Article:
The Good, the Bad and the Ugly: A Crisis in Classroom Behavior?
Updated: Oct 1, 2020
#Teachers #worldwide have #stories about #studentbehavior in the #classroom—from the quiet and diligent classroom to the uncontrollable and disruptive classroom. In 27 years of teaching at the #university level, one situation stands out the most to me, even more than the classes that had students who openly swore. On this occasion, I had put the students into groups to work together. Busy with helping a group of students, I heard a particular sound, an aerosol sound. I looked up and discovered a female student raising her shirt up and spraying on deodorant as if it was a totally natural thing to do. I had never seen anything like it in all my years of teaching. It was as if the student had made the classroom an extension of her home. Now I wonder with the Corona pandemic and the move to online learning, where the home has become the classroom, if there will be an even more dramatic change in student behavior.
With #onlinelearning, the classroom is quite literally in the student’s home, so will the distinction between #classroometiquette and outside classroom etiquette be dissolved completely? Here are a number of items commonly included in classroom etiquette and how they can translate to the online classroom. The first item is to arrive to class on time, and I would add in appropriate clothing. In the online classroom, not only might students arrive at different times before and after the official time, but they might show up in pajamas and set up their laptop on their bed. A second item is to turn off your cell phone. In the online classroom it is inevitable that students might keep the phone on mute and check for incoming calls or texts throughout the lesson. They might even go so far as to turn off their video and mute so that they can respond. The third item is not to bring food or drinks to class. If you are in the comfort of your home, it might seem irresistible to again turn off video and mute the microphone and walk away from class and grab a snack or beverage. The fourth item is to contribute to class discussion when appropriate. When you are in the comfort of your own home, paying attention might be a lot more difficult than when you are in the classroom, and the “distance” in distance learning might give you the false permission to drift off from a discussion. The fifth item is to avoid side conversations or a conversation at the same time as the main class discussion. If you are home and online, you might be surrounded by family members or even friends. It is possible that you might mute your microphone when someone at home needs or wants to talk to you or when you lose interest in the class. Finally, stay for the entire class. The nature of the online classroom is that it is distance learning. This distance might loosen the boundaries of the starting and stopping times. In other words, a student might drop off early.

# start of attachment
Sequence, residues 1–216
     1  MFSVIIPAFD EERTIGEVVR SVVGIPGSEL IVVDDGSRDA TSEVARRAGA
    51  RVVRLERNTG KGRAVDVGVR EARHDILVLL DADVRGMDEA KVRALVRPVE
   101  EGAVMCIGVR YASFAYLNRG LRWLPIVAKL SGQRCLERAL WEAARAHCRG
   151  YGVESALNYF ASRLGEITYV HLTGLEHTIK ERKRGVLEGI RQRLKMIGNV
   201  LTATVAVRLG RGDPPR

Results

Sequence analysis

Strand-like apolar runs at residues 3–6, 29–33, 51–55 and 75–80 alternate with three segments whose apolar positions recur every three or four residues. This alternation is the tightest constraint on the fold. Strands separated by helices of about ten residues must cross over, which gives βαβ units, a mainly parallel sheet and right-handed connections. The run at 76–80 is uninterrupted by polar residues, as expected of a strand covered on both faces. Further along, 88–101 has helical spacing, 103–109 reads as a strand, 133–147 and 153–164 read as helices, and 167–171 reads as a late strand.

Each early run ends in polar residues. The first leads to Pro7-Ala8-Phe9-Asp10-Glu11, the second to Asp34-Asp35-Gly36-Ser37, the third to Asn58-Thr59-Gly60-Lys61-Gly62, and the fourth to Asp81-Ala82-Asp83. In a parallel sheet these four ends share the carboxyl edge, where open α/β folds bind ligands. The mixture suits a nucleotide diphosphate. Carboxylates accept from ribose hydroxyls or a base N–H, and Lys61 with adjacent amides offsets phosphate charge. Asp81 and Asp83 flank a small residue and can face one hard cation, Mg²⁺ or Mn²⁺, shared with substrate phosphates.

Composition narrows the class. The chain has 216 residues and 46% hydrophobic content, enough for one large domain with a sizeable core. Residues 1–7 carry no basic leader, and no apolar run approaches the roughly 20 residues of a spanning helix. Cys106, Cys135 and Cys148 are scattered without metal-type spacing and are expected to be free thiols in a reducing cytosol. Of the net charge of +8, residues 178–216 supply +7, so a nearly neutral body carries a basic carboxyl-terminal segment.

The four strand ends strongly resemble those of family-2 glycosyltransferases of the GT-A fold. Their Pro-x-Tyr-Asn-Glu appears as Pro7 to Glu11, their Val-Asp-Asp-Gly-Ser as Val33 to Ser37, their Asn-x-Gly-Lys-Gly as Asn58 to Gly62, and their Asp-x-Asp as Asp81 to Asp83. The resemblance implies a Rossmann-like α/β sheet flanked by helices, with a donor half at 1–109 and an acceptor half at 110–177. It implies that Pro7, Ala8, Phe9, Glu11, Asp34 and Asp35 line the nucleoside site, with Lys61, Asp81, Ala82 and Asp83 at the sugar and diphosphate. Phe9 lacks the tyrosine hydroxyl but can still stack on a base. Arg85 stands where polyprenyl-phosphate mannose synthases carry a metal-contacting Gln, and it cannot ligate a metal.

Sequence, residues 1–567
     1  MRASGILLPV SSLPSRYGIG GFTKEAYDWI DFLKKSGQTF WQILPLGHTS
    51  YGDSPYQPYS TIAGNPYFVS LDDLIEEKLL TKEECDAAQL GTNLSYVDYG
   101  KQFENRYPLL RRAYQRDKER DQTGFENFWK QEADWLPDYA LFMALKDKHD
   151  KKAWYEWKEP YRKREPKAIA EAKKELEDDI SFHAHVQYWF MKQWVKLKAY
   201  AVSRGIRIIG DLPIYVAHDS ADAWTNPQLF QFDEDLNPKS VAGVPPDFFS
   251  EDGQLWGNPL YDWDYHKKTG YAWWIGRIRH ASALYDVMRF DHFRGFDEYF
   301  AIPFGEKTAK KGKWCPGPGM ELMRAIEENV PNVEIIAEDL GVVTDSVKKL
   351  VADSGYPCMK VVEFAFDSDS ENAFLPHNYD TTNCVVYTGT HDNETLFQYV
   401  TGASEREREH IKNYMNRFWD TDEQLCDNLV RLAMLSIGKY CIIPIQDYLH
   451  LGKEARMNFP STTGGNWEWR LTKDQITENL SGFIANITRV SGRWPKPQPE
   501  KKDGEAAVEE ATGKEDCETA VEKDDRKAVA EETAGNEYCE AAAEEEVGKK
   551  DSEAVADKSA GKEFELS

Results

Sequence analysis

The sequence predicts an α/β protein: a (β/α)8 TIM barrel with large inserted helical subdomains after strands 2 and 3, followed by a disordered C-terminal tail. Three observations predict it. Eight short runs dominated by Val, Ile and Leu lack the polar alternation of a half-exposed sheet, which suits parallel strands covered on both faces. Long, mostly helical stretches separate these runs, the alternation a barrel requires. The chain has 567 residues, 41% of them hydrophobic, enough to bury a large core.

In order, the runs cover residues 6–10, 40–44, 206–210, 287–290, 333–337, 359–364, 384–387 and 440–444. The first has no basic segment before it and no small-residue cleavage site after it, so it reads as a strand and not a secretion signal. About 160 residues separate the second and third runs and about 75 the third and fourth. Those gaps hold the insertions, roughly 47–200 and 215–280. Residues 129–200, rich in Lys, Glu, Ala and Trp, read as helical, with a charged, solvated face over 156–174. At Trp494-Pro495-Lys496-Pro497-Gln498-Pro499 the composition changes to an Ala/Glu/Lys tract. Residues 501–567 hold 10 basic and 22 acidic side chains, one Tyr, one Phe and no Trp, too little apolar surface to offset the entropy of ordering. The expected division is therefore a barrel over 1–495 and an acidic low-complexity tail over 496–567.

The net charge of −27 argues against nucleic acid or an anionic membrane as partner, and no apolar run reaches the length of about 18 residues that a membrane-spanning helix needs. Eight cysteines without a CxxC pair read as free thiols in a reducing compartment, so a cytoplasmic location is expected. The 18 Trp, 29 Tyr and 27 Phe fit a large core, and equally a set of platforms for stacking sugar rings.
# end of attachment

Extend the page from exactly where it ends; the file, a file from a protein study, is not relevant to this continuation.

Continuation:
David Gooblar writes in “Modeling the Behavior We Expect in Class,” “If how we teach in the classroom can be as important as what we teach, it’s worth thinking about how our own behavior as faculty members might influence our students’ behavior.” This goes for the face to face classroom as well as the online classroom. Teaching students with the respect that you expect them to treat you is a clear priority. Sometimes you might need to encourage this behavior through modeling. Be early to your online class, facilitate discussions well, don’t indulge in food and drink if that is your policy for the students. Finally, consider your other student policies and how you model them and can model them better.
So, the question is, with this loosening of classroom etiquette in the move outside the classroom to distance learning, what will be the student behavior when we return to the classroom. Will there be a smooth return to normal classroom etiquette or will there be a greater need for classroom management even at the university level. To end on a positive note, according to Catherine A. Sanderson with Psychology Today, the pandemic can have positive effects. “[E]xperiencing — and overcoming — negative life experiences can actually increase our ability to enjoy simple pleasures. So, college students may come to better appreciate the joy of spending time with a friend in person — even while wearing a mask — or participating in a class discussion — even via Zoom.” Only time will tell what the outcome will be in terms of the Corona crisis. I’m not saying that every crisis has a silverlining, but this one certainly could when it comes to online learning.
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